WASHINGTON Jan 13A key U.S. securities
regulator is expressing tentative support for an alternative
plan to force oil, gas and mining companies to reveal how much
money they pay foreign governments for resource projects, after
the courts struck down the original rule.
"If we did a rulemaking that made sense and didn't impose
too many burdens ... then maybe I can get on board with it,"
Daniel Gallagher, a Republican member of the U.S. Securities and
Exchange Commission, said in an interview with Reuters late last
Gallagher previously voted against a strict version of the
SEC's "resource extraction" rule, which forced energy companies
to disclose detailed information about how much money they pay
The SEC was required to write the rule as part of the 2010
Dodd-Frank Wall Street reform law. Human rights groups
championed the reform, saying it would help combat corruption
and wasteful spending in resource-rich nations.
The rule was subsequently shot down by a federal court last
year after the American Petroleum Institute (API) and other
industry trade groups filed a legal challenge. They argued the
SEC drafted the rule in a way that was too costly and would
force companies to disclose secret, proprietary information that
could harm their bottom line and violate state secrets laws in
countries like China.
In his ruling, U.S. District Judge John Bates agreed with
the API. He said the SEC erred in forcing companies to publicly
disclose their payments and noted that the SEC had failed to
exercise its discretion to grant reasonable, targeted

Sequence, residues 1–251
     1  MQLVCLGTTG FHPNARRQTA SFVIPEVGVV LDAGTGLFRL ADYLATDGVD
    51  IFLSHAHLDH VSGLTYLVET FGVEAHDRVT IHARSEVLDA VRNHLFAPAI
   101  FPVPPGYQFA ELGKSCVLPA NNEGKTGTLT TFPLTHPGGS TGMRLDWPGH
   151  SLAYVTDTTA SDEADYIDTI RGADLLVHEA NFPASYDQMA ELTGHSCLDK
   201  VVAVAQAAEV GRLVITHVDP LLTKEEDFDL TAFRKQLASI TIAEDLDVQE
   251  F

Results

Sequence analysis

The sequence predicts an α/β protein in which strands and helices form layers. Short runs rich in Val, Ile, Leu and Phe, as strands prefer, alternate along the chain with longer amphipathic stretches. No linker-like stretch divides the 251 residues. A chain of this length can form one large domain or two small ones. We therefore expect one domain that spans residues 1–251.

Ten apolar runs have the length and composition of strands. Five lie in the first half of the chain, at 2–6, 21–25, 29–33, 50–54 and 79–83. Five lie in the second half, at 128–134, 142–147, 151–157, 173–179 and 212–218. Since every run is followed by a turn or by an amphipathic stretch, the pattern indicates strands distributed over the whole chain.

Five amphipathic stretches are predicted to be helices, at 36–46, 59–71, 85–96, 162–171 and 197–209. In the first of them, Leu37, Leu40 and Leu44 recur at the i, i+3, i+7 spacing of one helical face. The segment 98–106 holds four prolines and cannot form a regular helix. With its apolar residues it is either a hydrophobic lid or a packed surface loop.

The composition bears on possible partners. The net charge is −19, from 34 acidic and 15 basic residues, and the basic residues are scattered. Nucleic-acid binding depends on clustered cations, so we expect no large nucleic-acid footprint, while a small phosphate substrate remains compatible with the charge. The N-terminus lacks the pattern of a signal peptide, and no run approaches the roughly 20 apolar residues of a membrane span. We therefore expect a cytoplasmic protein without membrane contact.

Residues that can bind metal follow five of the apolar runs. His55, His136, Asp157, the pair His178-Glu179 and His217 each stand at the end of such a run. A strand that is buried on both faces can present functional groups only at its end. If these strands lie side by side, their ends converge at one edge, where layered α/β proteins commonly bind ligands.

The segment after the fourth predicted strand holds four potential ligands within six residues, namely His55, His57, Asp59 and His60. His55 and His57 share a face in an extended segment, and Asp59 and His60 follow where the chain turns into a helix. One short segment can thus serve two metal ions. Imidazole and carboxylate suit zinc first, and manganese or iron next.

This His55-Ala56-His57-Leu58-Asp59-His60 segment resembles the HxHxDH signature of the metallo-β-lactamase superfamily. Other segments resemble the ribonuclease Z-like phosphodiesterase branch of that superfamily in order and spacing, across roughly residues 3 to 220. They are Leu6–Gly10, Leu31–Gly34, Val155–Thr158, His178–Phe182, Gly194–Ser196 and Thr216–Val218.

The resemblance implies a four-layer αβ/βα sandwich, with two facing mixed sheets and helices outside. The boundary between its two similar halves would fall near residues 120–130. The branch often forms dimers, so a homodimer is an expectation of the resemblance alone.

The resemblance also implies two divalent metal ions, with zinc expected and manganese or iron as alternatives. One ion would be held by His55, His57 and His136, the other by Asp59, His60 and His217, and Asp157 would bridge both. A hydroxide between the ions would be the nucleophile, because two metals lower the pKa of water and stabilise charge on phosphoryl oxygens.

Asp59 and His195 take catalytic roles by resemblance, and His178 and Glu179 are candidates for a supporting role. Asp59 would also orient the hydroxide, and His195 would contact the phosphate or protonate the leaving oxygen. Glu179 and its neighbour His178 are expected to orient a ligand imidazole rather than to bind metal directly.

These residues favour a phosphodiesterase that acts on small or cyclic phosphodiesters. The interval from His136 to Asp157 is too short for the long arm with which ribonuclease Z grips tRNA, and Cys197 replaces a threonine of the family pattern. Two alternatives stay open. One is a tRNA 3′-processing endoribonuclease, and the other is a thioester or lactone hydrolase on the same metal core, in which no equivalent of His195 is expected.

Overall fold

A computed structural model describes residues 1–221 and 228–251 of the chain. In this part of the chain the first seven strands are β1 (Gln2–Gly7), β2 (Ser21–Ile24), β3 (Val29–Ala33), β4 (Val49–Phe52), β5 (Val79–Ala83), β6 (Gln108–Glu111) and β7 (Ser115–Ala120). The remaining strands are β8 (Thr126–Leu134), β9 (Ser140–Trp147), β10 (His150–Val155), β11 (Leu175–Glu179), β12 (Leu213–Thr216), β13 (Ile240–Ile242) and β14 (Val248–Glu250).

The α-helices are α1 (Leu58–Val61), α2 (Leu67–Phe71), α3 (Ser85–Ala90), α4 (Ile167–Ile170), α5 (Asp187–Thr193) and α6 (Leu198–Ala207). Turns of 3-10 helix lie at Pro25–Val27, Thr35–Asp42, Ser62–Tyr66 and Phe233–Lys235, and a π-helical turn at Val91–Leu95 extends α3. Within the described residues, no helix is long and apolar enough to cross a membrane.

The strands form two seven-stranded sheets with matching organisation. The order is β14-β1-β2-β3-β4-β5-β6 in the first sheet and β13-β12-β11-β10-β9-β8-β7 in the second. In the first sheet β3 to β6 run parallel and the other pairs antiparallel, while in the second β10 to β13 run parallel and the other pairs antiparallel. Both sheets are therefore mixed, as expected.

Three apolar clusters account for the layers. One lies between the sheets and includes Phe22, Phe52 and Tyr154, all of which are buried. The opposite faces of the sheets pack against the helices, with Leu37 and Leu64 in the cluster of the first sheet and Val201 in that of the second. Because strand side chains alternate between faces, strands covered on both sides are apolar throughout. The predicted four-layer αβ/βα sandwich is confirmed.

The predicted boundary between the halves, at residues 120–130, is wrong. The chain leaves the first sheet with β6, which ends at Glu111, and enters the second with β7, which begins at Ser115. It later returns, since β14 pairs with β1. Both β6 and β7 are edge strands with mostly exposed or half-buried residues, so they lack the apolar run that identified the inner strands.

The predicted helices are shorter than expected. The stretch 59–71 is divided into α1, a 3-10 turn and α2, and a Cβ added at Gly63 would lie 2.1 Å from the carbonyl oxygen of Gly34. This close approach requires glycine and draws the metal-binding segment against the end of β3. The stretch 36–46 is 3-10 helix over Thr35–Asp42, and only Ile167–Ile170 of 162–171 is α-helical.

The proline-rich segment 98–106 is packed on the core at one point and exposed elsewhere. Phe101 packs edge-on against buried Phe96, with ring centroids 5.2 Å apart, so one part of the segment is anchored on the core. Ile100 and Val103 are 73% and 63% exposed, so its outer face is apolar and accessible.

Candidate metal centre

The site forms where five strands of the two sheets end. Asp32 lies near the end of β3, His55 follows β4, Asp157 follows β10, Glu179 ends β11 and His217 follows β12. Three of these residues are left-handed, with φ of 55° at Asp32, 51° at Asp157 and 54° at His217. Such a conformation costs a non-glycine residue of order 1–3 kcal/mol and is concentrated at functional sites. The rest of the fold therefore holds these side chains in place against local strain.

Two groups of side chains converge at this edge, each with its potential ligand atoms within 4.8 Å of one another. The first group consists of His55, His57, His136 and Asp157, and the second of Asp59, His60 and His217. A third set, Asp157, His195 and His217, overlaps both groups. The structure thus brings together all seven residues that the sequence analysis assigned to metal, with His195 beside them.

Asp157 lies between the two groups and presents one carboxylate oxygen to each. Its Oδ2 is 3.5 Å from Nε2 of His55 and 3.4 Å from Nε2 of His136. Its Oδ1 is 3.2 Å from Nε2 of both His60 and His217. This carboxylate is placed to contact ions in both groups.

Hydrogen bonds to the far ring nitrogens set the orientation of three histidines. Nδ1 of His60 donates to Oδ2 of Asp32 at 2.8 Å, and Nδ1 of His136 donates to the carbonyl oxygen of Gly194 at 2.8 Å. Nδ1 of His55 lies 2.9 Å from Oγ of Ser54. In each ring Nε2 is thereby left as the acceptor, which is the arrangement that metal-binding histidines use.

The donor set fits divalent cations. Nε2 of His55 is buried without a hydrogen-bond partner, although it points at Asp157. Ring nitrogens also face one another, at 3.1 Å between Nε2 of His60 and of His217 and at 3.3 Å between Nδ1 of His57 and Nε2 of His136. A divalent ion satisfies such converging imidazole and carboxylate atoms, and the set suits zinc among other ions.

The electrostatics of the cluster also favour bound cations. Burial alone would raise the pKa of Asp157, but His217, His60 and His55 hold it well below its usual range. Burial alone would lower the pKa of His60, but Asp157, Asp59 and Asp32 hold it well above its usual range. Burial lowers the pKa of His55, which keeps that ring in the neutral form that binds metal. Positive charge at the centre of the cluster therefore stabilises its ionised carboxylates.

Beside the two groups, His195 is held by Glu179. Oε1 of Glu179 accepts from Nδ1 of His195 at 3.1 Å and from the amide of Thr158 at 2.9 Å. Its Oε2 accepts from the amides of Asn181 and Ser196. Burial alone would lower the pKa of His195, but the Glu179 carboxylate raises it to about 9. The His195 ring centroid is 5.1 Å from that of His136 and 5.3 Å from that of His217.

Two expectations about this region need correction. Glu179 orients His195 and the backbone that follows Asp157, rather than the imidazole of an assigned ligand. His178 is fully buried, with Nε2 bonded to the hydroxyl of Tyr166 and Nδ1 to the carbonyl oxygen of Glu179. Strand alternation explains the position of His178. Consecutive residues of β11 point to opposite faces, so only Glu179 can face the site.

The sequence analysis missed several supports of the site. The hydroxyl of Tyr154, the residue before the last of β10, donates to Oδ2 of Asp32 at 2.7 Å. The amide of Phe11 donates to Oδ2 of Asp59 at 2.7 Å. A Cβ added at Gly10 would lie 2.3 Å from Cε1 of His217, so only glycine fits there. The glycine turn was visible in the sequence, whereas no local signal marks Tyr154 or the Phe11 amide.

Following the court victory, API in November submitted a new
plan to the SEC suggesting how the agency should re-write the
rule. The proposal calls for compiling and aggregating the data
from all the companies at the project level.
This aggregated data would then be disclosed so that the
investing public could see which activities are taking place in
various geographic regions "without being so granular as to
reveal proprietary commercial information," API wrote.
In an interview with Reuters, Gallagher said API's
alternative plan seems promising. "I think what they have come
back with makes sense and I think it is workable," he said.
Whether it has a chance of becoming the new rule on the
books remains to be seen.
Of the five current SEC commissioners, only two - Gallagher
and Democrat Luis Aguilar - were serving at the time that the
original resource extraction rule was finalized in 2012. That
makes it hard to gauge how the other three commissioners might
vote on a new rule.
Moreover, the SEC is facing pressure from human rights
groups and other advocates to redraft the rule in a way that
would still require granular disclosures.
(Reporting by Sarah N. Lynch; Editing by Karey Van Hall and